An interview with David Neubauer, Paediatrician and Child Neurologist at the University Children’s Hospital Ljubljana
Could you give our readers a little background on your professional life? When did you start to become interested in researching cannabis, and why? What type of patients can particularly benefit from medical application?
As a Child Neurologist, my primary interest was in neurometabolic and neurodegenerative diseases, neonatal neurology and epilepsies (incl. non-epileptic paroxysmal events) and movement disorders. Following on from this, I have become interested also in Ethical issues regarding children, especially with regard to neurological/developmental problems. The interest of cannabinoids came rather late (in 2014), when some of the parents of our children with severe, intractable epilepsies were approaching me – and some of my colleagues – to start treatment with cannabidiol and/or medical cannabis for their children. Not long afterwards, we were already treating nearly 70 children and adolescents with cannabidiol and experienced very good results; the results having been published (Neubauer D, Perković Benedik M, Osredkar D. Cannabidiol for treatment of refractory childhood epilepsies: Experience from a single tertiary epilepsy center in Slovenia. Epilepsy Behav. 2018 Apr;81:79-85). I still believe that the patients who particularly benefit from medical application of cannabis, are those with the most severe forms of epilepsy, so-called developmental and epileptic encephalopathies – DEE.
What’s the current state of play in Slovenia regarding medical cannabis access for patients? How is cannabis-derived treatment viewed by the general public?
Current state of play regarding medical cannabis products in Slovenia is still generally against it, especially from the administrative side, like JAZMP – Slovenian Agency for Medicines and Medical Products, and even the Ministry of Health and National Institute of Health. However, for children and adolescents we have succeeded to get natural cannabidiol (CBD) as a treatment (free of charge e.g. fully covered by national insurance) and even import medical cannabis products (e.g. Haleigh’s Hope) where insurance is covering all the expenses for it. The major problem in Slovenia is that the – previously mentioned – administrators are not allowing to use ‘domestic’ cannabis products which are of good quality, quite well controlled and appropriately certified as safe.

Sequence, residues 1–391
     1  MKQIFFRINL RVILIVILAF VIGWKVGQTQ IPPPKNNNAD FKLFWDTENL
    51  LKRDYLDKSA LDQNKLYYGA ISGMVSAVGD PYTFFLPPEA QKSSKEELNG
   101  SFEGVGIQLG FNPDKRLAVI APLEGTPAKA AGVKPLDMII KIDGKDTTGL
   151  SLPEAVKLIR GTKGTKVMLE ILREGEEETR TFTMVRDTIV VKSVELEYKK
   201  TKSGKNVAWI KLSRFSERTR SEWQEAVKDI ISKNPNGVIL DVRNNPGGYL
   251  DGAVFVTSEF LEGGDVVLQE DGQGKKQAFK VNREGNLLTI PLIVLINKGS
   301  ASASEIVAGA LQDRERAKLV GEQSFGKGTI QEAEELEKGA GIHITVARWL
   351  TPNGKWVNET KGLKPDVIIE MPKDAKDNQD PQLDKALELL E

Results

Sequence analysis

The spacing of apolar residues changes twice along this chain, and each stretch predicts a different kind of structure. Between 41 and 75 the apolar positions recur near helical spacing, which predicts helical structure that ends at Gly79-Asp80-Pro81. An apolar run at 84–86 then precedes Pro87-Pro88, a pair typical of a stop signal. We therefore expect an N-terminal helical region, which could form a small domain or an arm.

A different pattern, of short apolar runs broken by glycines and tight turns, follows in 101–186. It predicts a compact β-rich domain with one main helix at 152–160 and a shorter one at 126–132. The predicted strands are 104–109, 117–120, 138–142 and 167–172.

General public is very much accepting of these kind of treatments and frequently, even adult patients, with different kinds of diseases, especially neurological ones, like: multiple sclerosis, Parkinsonism, tics, depressive behaviour…etc are asking me to help and advise them about the products they have bought from the local farmers.
To start new cannabis-derived research projects, what steps do you – and fellow researchers – have to go through, to get these off the ground? Are their roadblocks that you have encountered and how can these be passed?
We are now looking forward to publishing our first experiences in treating patients with developmental and epileptic encephalopathy with artisanal products (home-made products) that parents have bought for their severely disabled children from the local farmers. However, this is just a retrospective study on around 30 children where we succeeded in collecting information on the analysis of the products, the outcome of such treatment on seizures, as well as, perhaps an even more important issue, the quality of life of these children. But we have planned a proper double blind, placebo controlled study, to detect how medical cannabis is useful in treating spasticity (in the most severe cases of cerebral palsy, there was only one study done in Israel until now), and we currently encounter many obstacles from the previously mentioned administrative bodies. We hope that in the near future, if we will be able to do this study, other possible benefits of cannabis for children with autism, tics, behavioural problems…etc can be further evaluated.